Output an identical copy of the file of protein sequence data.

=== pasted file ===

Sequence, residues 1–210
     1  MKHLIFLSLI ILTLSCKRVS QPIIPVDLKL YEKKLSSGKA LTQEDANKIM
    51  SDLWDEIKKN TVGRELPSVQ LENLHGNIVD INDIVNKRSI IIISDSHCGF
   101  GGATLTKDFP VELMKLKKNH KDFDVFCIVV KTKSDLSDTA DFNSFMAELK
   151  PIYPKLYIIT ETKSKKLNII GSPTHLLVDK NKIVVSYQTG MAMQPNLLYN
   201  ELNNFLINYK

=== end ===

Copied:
Sequence, residues 1–210
     1  MKHLIFLSLI ILTLSCKRVS QPIIPVDLKL YEKKLSSGKA LTQEDANKIM
    51  SDLWDEIKKN TVGRELPSVQ LENLHGNIVD INDIVNKRSI IIISDSHCGF
   101  GGATLTKDFP VELMKLKKNH KDFDVFCIVV KTKSDLSDTA DFNSFMAELK
   151  PIYPKLYIIT ETKSKKLNII GSPTHLLVDK NKIVVSYQTG MAMQPNLLYN
   201  ELNNFLINYK